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1. A. When Esau heard the words of his father, he cried out with an ex ceedingly great and bitter cry [and said to his father, 'Bless me, even me also, O my father!']" (Gen. 27:34):

B. Said R. Hanina, "Whoever says that the Holy One, blessed be he, is lax, may his intestines become lax. While he is patient, he does collect what is coming to you.

C. "Jacob made Esau cry out one cry, and where was he penalized? It was in the castle of Shushan: 'And he cried with a loud and bitter cry' (Est. 4:1)."

2. A. "But he said, 'Your brother came with guile and he has taken away your blessing'" (Gen. 33:35):

B. R. Yohanan said, "[He came] with the wisdom of his knowledge of theTorah."

So Rome really is Israel's brother. No pagan empire ever enjoyed an equivalent place; no pagan era ever found identification with an event in Israel's family history. The passage—and numerous others like it, which we shall see in chapter 4—presents a stunning concession and an astounding claim. The history of the two brothers forms a set of counterpoints, the rise of one standing for the decline of the other. I cannot imagine a more powerful claim for Israel: the ultimate end, Israel's final glory, will permanently mark the subjugation of Esau. Israel then will follow, the fifth and final monarchy. The point of No. 1 is to link the present passage to the history of Israel's redemption later on. In this case, however, the matter concerns Israel's paying recompense for causing anguish to Esau. No. 2 introduces Jacob's knowledge of Torah in place of Esau's view of Jacob as full of guile.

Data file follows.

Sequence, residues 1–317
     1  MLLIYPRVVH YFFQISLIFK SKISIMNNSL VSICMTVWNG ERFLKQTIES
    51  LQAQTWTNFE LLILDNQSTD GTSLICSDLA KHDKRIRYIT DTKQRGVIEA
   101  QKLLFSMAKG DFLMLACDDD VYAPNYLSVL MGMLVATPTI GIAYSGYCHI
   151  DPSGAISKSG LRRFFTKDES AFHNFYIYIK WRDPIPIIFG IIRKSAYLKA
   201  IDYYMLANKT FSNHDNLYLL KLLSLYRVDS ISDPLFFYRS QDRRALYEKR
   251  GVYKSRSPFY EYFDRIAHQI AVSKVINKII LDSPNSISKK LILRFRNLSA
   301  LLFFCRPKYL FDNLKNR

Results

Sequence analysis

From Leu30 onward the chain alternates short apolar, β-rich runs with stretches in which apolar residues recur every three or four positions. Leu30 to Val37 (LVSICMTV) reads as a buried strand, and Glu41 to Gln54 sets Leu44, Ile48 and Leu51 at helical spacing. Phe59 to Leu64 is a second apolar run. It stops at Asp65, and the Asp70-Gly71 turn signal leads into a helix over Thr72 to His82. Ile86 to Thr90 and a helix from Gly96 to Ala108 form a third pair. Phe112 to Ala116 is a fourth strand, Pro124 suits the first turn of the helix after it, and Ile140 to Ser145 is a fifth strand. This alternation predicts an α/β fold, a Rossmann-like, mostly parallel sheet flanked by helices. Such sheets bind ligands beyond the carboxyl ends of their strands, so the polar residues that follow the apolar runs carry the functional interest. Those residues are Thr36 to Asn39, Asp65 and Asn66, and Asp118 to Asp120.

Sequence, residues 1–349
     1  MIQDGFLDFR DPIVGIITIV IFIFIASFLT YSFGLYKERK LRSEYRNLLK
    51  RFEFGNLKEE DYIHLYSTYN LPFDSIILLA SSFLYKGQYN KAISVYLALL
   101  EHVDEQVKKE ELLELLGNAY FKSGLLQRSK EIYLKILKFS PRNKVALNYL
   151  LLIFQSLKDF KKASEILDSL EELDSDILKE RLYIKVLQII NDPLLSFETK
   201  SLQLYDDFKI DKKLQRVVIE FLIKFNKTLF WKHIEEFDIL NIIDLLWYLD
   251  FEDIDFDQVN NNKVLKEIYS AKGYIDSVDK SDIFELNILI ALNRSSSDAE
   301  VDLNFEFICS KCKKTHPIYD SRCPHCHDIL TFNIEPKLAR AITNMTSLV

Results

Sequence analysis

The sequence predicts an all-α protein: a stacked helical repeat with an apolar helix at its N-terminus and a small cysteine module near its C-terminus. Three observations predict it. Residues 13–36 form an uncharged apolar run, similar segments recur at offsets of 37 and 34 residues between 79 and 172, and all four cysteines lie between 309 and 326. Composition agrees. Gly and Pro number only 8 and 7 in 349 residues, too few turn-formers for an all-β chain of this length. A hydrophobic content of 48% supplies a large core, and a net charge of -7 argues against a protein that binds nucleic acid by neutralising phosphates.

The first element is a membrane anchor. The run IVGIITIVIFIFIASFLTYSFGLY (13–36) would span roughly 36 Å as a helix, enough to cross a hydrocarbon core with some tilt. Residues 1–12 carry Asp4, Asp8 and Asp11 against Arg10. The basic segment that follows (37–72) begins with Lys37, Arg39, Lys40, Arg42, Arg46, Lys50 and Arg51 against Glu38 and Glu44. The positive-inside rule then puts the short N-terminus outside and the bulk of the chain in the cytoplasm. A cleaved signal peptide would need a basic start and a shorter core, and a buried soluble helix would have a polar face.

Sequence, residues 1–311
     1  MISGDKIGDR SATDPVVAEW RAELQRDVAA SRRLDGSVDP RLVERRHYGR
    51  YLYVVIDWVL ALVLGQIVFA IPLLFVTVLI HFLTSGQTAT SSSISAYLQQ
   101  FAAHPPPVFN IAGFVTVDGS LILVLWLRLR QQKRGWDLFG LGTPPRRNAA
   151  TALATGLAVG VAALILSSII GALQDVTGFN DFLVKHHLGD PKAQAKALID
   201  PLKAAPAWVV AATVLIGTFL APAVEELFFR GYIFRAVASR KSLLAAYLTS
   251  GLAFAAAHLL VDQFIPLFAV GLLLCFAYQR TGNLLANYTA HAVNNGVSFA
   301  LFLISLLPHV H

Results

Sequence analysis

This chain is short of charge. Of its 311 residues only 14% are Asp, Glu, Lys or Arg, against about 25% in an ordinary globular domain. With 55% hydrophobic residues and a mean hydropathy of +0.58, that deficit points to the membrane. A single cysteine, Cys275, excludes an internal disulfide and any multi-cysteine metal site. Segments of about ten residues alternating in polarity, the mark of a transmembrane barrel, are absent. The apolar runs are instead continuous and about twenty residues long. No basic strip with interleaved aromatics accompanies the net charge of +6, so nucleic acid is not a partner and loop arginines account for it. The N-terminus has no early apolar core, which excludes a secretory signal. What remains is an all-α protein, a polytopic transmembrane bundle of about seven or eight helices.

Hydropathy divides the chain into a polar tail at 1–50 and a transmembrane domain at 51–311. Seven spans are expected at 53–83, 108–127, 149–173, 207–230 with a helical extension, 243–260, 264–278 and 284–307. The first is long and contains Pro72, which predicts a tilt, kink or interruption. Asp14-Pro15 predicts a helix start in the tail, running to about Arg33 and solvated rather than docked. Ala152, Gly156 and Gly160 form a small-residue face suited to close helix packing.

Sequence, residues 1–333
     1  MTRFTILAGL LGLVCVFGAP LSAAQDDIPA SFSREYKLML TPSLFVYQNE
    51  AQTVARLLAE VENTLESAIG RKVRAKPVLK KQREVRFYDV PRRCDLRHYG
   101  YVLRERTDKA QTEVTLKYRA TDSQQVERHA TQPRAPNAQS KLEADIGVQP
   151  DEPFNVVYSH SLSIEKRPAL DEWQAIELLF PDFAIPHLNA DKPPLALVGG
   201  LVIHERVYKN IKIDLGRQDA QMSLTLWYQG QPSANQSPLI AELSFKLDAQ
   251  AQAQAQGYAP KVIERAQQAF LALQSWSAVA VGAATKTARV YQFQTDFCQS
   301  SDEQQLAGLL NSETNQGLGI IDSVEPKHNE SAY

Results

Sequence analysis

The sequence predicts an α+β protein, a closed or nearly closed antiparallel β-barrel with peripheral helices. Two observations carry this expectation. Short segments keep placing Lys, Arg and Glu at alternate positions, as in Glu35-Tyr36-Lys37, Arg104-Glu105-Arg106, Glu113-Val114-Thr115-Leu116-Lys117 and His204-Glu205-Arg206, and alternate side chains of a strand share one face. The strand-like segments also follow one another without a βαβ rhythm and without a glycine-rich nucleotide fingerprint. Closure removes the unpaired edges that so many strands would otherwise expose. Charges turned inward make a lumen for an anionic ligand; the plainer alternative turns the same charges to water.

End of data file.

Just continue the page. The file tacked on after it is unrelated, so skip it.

Apart from the struggle with Esau, Jacob still serves as a model and paradigm of Israel's history. For example, his dream of the ladder to heaven encompassed all of Israel's history, with stress not on Esau but on Sinai.

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